Provided bySimpson Street Free Press
The La Prensa program addresses what scholars call the “language achievement gap.” Students engage in research and writing activities in an authentic workplace atmosphere. They work across languages. We focus on the acquisition of practical skills. Curriculum used in the La Prensa program was developed through a collaboration between UW-Madison and SSFP staff. Lesson plans incorporate cutting-edge language acquisition strategies backed by research and proven to support English Language Learners (ELL) and students enrolled in Dual Language Immersion programs (DLI). This program also places young people of color in key leadership roles. Experienced, bilingual volunteers provide robust forms of assistance.
Several characteristics distinguish La Prensa from other SSFP programs. Most La Prensa writers are Spanish-English bilinguals. Students include balanced bilinguals and bilinguals who identify Spanish-dominant or English-dominant. Bilingual students from other language backgrounds are also encouraged apply. La Prensa students conduct research and write articles in English, Spanish, and other non-English languages. Languages are ‘unmarked’ at La Prensa: writers are encouraged to work and write collaboratively in either language or use hybrid forms (code-switching across languages).
Wisconsin’s new, more rigorous academic standards emphasize writing proficiency and literacy. These new academic standards place additional pressure on bilingual, DLI, and ELL learners. La Prensa students write, read, collaborate, and publish across languages. This approach turns bilingualism into an academic advantage. We teach productive literacy habits and academic curiosity. Students write across the curriculum. Because students write about the core subject areas (science, history, geography), core content area understanding improves. In the La Prensa program young people are leaders. This is a job, and students are promoted through the ranks. Students publish a bi-weekly online newspaper.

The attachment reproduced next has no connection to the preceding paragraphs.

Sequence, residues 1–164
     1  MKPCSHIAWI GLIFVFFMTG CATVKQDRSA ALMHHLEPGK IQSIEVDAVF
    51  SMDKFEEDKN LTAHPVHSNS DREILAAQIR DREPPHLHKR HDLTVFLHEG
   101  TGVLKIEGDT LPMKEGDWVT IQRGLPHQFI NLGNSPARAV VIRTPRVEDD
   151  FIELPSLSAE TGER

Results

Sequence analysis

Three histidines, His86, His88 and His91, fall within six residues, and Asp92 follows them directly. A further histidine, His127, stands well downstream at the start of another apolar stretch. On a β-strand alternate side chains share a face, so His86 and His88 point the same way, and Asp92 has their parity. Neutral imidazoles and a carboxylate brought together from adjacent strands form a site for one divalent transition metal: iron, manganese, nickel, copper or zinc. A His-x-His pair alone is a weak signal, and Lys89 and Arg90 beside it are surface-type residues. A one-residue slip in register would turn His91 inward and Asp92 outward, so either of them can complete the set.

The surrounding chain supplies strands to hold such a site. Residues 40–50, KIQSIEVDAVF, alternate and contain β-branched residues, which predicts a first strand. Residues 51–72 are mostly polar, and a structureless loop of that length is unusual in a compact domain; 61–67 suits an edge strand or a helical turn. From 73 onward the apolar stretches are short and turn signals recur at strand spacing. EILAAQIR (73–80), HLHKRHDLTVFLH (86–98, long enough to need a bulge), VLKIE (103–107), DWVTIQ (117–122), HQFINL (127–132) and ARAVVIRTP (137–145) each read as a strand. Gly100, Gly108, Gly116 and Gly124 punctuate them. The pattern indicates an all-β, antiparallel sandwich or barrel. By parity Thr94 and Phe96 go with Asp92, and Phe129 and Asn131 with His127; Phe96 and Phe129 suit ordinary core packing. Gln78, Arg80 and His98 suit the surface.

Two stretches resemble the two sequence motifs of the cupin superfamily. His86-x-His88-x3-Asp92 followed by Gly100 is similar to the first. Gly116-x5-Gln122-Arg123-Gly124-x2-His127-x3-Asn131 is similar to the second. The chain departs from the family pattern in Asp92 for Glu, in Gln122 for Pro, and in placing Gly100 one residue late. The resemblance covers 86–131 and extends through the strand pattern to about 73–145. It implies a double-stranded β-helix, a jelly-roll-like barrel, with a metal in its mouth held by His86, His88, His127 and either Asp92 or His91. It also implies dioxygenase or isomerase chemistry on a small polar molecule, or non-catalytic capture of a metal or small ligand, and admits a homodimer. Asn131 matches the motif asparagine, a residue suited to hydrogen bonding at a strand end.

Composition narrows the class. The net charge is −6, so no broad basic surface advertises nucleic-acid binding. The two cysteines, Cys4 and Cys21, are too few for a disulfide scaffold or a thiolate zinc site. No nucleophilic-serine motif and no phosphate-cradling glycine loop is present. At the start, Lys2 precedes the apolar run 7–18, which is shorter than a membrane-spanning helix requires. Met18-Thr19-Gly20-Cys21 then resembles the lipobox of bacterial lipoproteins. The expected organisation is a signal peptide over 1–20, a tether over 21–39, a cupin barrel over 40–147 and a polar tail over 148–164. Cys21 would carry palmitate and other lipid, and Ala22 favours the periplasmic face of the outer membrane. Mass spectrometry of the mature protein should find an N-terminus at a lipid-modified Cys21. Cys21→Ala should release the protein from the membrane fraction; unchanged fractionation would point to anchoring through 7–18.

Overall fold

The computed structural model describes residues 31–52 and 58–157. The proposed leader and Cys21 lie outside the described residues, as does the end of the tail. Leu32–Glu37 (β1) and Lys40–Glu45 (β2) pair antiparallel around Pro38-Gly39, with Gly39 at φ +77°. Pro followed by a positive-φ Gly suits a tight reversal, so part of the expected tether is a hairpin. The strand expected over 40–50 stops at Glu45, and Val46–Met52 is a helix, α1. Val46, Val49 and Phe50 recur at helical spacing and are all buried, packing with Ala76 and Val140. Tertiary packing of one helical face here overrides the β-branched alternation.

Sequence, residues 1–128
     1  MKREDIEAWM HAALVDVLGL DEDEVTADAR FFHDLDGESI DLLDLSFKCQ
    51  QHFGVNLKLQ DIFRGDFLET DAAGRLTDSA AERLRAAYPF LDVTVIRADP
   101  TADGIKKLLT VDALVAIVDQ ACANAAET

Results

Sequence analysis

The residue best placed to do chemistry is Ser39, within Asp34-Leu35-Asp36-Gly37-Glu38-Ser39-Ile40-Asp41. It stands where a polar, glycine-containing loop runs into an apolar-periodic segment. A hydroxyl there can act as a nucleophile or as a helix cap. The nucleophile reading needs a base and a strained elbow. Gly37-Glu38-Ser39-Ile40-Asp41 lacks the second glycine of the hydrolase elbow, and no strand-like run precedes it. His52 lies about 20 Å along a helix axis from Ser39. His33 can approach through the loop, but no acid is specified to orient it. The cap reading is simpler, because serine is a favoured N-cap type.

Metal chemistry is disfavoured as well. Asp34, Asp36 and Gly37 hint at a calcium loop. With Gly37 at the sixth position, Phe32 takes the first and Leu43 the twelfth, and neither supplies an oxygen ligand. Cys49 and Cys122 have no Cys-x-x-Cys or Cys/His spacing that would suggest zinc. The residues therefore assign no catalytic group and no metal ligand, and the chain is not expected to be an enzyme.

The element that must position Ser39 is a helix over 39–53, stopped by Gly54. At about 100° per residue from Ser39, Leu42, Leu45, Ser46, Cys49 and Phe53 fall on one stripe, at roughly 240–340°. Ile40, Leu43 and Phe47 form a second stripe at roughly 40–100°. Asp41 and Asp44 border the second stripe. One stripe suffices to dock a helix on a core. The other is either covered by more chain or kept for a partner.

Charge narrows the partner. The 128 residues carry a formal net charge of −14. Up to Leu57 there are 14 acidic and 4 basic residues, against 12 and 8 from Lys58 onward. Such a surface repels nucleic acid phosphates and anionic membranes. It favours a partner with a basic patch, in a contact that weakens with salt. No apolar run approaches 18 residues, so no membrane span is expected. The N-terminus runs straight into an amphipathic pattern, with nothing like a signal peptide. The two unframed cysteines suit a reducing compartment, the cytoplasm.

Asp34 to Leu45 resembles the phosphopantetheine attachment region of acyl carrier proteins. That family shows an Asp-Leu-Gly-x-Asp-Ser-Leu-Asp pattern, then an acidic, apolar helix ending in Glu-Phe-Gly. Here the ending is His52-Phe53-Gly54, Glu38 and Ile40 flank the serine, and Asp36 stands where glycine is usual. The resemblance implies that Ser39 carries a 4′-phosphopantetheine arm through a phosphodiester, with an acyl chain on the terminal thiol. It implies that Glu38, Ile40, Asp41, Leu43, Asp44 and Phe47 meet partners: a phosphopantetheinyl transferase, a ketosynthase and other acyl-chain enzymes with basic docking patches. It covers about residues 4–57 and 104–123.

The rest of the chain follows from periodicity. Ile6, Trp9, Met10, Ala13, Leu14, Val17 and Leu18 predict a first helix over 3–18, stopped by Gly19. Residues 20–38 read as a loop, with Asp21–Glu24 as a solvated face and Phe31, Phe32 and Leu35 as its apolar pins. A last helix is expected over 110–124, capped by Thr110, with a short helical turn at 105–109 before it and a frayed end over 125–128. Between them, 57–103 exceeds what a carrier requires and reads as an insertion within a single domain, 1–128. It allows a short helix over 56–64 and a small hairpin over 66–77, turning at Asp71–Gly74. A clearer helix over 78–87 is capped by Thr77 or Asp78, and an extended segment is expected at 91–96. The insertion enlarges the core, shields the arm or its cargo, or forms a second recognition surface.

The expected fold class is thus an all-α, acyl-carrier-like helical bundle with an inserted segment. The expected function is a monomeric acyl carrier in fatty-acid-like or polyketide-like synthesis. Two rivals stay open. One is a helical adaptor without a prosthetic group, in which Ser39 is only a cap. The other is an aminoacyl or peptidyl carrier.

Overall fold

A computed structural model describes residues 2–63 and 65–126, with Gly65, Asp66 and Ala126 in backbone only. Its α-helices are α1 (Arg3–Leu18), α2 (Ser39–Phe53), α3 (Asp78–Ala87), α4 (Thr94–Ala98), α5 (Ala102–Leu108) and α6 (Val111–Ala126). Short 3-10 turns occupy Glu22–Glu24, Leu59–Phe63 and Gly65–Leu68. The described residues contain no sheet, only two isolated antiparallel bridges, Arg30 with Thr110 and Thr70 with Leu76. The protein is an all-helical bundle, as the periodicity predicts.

La Prensa Libre de Simpson Street is an extended learning model. We use a content specific curriculum designed to supplement classroom instruction. La Prensa is a project-based approach, designed to support the classroom but not replicate the school day. We structure these programs like part-time “jobs.” So, all La Prensa programs are free of charge. Parents meet with staff at program enrollment and sign engagement letters.